|COREY DION ATCHISON,
GARY L. GIBSON
GARY L. GIBSON,
(D.C. No. 98-CV-377-H(M))
Following his conviction for first-degree murder, Atchison was sentenced to life imprisonment. The Oklahoma Court of Criminal Appeals ("OCCA") affirmed his conviction on November 4, 1994. Atchison filed an application for state post-conviction relief on December 29, 1997. The state district court denied relief on January 21, 1998, and the OCCA affirmed on April 20, 1998. Atchison then filed his petition for a writ of habeas corpus in federal district court on May 22, 1998, pursuant to 28 U.S.C. § 2254.
The Antiterrorism and Effective Death Penalty Act of 1996 ("AEDPA"), effective April 24, 1996, provides that "[a] 1-year period of limitation shall apply to an application for a writ of habeas corpus by a person in custody pursuant to the judgment of a State court." 28 U.S.C. § 2244(d)(1). It also provides for tolling of the time limit while "a properly filed application for State post-conviction or other collateral review" is pending in state court. 28 U.S.C. § 2244(d)(2). To avoid retroactivity problems, we allow habeas petitioners whose judgments became final before April 24, 1996, the effective date of AEDPA, to file their petitions before April 24, 1997. See Hoggro v. Boone, 150 F.3d 1223, 1225-26 (10th Cir. 1998). We apply the state court tolling provision of § 2244(d)(2) to this one-year grace period. See id. at 1226.
Because Atchison did not file for a writ of certiorari with the United States Supreme Court, his sentence became final on February 2, 1995, ninety days after the OCCA's decision on direct appeal. See Caspari v. Bohlen, 510 U.S. 383, 390-91 (1994). Therefore, Atchison's one-year period of limitations under AEDPA began on April 24, 1996. See Hoggro, 150 F.3d at 1225-26. Atchison did not file for post-conviction relief until December 29, 1997, more than eight months after the expiration of the statute of limitations.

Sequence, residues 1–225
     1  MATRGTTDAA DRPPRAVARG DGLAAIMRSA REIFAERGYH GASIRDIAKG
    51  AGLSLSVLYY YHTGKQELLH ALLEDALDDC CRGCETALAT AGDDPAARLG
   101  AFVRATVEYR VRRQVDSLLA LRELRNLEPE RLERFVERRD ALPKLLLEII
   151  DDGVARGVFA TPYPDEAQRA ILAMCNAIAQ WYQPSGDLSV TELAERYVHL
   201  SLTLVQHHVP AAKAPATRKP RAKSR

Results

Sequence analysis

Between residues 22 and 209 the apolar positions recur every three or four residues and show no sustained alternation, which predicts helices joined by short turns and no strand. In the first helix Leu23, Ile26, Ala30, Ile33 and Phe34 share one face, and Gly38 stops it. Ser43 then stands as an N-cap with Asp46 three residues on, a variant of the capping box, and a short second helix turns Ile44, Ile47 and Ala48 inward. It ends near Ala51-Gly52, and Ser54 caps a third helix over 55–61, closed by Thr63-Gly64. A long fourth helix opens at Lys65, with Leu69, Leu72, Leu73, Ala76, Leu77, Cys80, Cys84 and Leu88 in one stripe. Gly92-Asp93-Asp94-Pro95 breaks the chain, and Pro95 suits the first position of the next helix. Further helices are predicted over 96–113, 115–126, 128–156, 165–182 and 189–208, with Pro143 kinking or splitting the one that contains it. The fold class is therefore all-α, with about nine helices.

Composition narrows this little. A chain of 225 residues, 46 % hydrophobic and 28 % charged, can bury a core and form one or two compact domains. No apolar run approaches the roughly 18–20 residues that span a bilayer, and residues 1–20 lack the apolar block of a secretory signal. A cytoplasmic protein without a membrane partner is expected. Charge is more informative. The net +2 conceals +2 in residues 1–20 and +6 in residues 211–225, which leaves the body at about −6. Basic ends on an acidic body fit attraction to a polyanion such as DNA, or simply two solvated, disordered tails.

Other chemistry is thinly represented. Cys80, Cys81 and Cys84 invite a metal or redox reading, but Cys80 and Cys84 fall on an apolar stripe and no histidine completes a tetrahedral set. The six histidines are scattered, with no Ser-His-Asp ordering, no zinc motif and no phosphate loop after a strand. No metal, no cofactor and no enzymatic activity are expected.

The one-year period of limitations can be subject to equitable tolling. See Miller v. Marr, 141 F.3d 976, 978 (10th Cir. 1998). Atchison argues for equitable tolling because, while he was imprisoned in the F-3 unit, the prison did not allow him direct access to a law library or to legal assistance from February 1997 to May 1998. Atchison provides evidence that "the only access inmates of [the F-3 unit had] to the law library [was] per a Court Ordered deadline and that process must be caused by the filing of a motion to the court." (Doc. 9, Ex. 3 at 1.) The district court denied the petition as untimely because Atchison offered "no explanation for his failure to pursue his claims from November, 1994, to February, 1997" and therefore he "did not diligently pursue his constitutional claims." (Doc. 10 at 4.) The district court correctly stated that Atchison did not explain his failure to file his petition prior to the alleged denial of law library access. In Miller, 141 F.3d at 978, we held that inmates cannot avail themselves of equitable tolling where they have not stated with specificity the steps taken to diligently pursue federal claims, including efforts to pursue those claims before the lack of access materialized. Atchison likewise fails to allege with sufficient specificity cause for his untimely filing so as to justify equitable tolling of the AEDPA limitations period.
We conclude that Atchison has made no showing of the denial of a constitutional right and therefore DENY a certificate of appealability pursuant to 28 U.S.C. § 2253. This matter is DISMISSED.
The mandate shall issue forthwith.
ENTERED FOR THE COURT
Carlos F. Lucero
*. The case is unanimously ordered submitted without oral argument pursuant to Fed. R. App. P. 34(a)(2) and 10th Cir. R. 34.1(G). This order and judgment is not binding precedent, except under the doctrines of law of the case, res judicata, and collateral estoppel. The court generally disfavors the citation of orders and judgments; nevertheless, an order and judgment may be cited under the terms and conditions of 10th Cir. R. 36.3.